Nonfiction > Walt Whitman > Prose Works > IV. Pieces in Early Youth > 3. One Wicked Impulse!
Walt Whitman (1819–1892).  Prose Works. 1892.
IV. Pieces in Early Youth
3. One Wicked Impulse!
THAT section of Nassau street which runs into the great mart of New York brokers and stock-jobbers, has for a long time been much occupied by practitioners of the law. Tolerably well-known amid this class some years since, was Adam Covert, a middle-aged man of rather limited means, who, to tell the truth, gained more by trickery than he did in the legitimate and honorable exercise of his profession. He was a tall, bilious-faced widower; the father of two children; and had lately been seeking to better his fortunes by a rich marriage. But somehow or other his wooing did not seem to thrive well, and, with perhaps one exception, the lawyer’s prospects in the matrimonial way were hopelessly gloomy.   1
  Among the early clients of Mr. Covert had been a distant relative named Marsh, who, dying somewhat suddenly, left his son and daughter, and some little property, to the care of Covert, under a will drawn out by that gentleman himself. At no time caught without his eyes open, the cunning lawyer, aided by much sad confusion in the emergency which had caused his services to be called for, and disguising his object under a cloud of technicalities, inserted provisions in the will, giving himself an almost arbitrary control over the property and over those for whom it was designed. This control was even made to extend beyond the time when the children would arrive at mature age. The son, Philip, a spirited and high-temper’d fellow, had some time since pass’d that age. Esther, the girl, a plain, and somewhat devotional young woman, was in her nineteenth year.   2
  Having such power over his wards, Covert did not scruple openly to use his advantage, in pressing his claims as a suitor for Esther’s hand. Since the death of Marsh, the property he left, which had been in real estate, and was to be divided equally between the brother and sister, had risen to very considerable value; and Esther’s share was to a man in Covert’s situation a prize very well worth seeking. All this time, while really owning a respectable income, the young orphans often felt the want of the smallest sum of money—and Esther, on Philip’s account, was more than once driven to various contrivances—the pawn-shop, sales of her own little luxuries, and the like, to furnish him with means.   3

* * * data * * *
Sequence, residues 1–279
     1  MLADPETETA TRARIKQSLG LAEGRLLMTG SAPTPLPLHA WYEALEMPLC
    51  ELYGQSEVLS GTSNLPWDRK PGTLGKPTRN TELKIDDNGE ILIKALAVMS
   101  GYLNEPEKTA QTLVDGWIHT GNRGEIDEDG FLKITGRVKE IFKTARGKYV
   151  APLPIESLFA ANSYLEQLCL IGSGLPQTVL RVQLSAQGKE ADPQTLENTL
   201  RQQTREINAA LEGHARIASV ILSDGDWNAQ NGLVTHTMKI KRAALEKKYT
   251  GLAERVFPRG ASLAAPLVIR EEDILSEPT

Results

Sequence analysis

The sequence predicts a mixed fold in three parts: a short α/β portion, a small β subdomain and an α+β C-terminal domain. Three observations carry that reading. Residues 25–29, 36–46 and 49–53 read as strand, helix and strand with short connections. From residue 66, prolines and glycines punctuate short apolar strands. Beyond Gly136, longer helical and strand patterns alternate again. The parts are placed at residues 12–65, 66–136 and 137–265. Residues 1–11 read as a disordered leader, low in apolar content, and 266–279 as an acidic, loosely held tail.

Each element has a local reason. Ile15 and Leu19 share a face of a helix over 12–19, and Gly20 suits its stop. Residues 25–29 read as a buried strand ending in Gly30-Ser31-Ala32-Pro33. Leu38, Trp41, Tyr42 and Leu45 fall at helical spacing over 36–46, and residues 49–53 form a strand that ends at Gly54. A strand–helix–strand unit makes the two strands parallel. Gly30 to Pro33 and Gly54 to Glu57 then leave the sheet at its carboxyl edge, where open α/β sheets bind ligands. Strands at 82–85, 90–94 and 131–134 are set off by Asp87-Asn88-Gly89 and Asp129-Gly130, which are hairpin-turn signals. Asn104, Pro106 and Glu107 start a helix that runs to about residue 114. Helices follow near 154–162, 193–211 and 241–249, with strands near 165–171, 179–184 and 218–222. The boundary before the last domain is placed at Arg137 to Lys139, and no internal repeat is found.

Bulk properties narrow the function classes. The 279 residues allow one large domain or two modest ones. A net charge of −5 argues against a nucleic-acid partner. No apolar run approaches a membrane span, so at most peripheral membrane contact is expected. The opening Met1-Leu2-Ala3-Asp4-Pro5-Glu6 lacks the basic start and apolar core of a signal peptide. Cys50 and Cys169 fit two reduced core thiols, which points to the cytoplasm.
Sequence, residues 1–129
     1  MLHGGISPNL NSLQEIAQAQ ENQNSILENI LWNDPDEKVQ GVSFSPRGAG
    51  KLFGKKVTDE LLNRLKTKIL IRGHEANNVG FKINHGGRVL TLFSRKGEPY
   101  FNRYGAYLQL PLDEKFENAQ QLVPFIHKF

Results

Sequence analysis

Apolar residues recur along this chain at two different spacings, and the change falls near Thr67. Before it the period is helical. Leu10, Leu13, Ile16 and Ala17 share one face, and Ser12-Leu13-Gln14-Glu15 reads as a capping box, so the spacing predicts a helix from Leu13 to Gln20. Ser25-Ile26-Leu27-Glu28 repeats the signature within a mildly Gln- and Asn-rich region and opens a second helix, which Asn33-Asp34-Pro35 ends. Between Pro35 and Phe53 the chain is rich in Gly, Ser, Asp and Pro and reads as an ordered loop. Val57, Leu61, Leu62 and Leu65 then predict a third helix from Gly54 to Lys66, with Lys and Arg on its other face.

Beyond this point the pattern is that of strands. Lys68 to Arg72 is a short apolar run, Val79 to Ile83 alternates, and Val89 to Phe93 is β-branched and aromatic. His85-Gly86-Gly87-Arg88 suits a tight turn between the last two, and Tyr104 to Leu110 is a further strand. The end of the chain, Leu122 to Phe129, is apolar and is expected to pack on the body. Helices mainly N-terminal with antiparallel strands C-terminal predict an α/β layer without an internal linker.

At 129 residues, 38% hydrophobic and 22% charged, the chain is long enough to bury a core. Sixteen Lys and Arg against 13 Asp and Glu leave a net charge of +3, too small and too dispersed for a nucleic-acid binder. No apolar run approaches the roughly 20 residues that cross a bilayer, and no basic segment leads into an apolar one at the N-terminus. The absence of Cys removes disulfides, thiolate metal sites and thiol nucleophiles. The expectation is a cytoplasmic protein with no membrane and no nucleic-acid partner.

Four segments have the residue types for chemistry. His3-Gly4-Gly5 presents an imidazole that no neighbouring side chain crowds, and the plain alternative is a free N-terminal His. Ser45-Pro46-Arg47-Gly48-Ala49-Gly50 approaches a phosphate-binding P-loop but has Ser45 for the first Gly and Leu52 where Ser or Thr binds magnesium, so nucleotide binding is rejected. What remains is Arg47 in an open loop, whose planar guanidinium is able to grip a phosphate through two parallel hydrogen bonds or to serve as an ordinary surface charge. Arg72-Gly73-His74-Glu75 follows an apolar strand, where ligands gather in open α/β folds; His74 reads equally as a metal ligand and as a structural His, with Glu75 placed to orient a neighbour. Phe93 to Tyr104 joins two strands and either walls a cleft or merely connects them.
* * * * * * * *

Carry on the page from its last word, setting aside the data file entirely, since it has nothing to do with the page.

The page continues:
Though she had frequently shown her guardian unequivocal evidence of her aversion, Esther continued to suffer from his persecutions, until one day he proceeded farther and was more pressing than usual. She possess’d some of her brother’s mettlesome temper, and gave him an abrupt and most decided refusal. With dignity, she exposed the baseness of his conduct, and forbade him ever again mentioning marriage to her. He retorted bitterly, vaunted his hold on her and Philip, and swore an oath that unless she became his wife, they should both thenceforward become penniless. Losing his habitual self-control in his exasperation, he even added insults such as woman never receives from any one deserving the name of man, and at his own convenience left the house. That day, Philip return’d to New York, after an absence of several weeks on the business of a mercantile house in whose employment he had lately engaged.   4
  Toward the latter part of the same afternoon, Mr. Covert was sitting in his office, in Nassau street, busily at work, when a knock at the door announc’d a visitor, and directly afterward young Marsh enter’d the room. His face exhibited a peculiar pallid appearance that did not strike Covert at all agreeably, and he call’d his clerk from an adjoining room, and gave him something to do at a desk near by.   5
  “I wish to see you alone, Mr. Covert, if convenient,” said the new-comer.   6
  “We can talk quite well enough where we are,” answer’d the lawyer; “indeed, I don’t know that I have any leisure to talk at all, for just now I am very much press’d with business.”   7
  “But I must speak to you,” rejoined Philip sternly, “at least I must say one thing, and that is, Mr. Covert, that you are a villain!”   8
  “Insolent!” exclaimed the lawyer, rising behind the table, and pointing to the door: “Do you see that, sir! Let one minute longer find you the other side, or your feet may reach the landing by quicker method. Begone, sir?”   9
  Such a threat was the more harsh to Philip, for he had rather high-strung feelings of honor. He grew almost livid with suppress’d agitation.  10
  “I will see you again very soon,” said he, in a low but distinct manner, his lips trembling as he spoke; and left the office.  11
  The incidents of the rest of that pleasant summer day left little impression on the young man’s mind. He roam’d to and fro without any object or destination. Along South street and by Whitehall, he watch’d with curious eyes the movements of the shipping, and the loading and unloading of cargoes; and listen’d to the merry heave-yo of the sailors and stevedores. There are some minds upon which great excitement produces the singular effect of uniting two utterly inconsistent faculties—a sort of cold apathy, and a sharp sensitiveness to all that is going on at the same time. Philip’s was one of this sort; he noticed the various differences in the apparel of a gang of wharf laborers—turn’d over in his brain whether they receiv’d wages enough to keep them comfortable, and their families also—and if they had families or not, which he tried to tell by their looks. In such petty reflections the daylight passed away. And all the while the master wish of Philip’s thoughts was a desire to see the lawyer Covert. For what purpose he himself was by no means clear.  12
  Nightfall came at last. Still, however, the young man did not direct his steps homeward. He felt more calm, however, and entering an eating house, order’d something for his supper, which, when it was brought to him, he merely tasted, and stroll’d forth again. There was a kind of gnawing sensation of thirst within him yet, and as he pass’d a hotel, he bethought him that one little glass of spirits would perhaps be just the thing. He drank, and hour after hour wore away unconsciously; he drank not one glass, but three or four, and strong glasses they were to him, for he was habitually abstemious.  13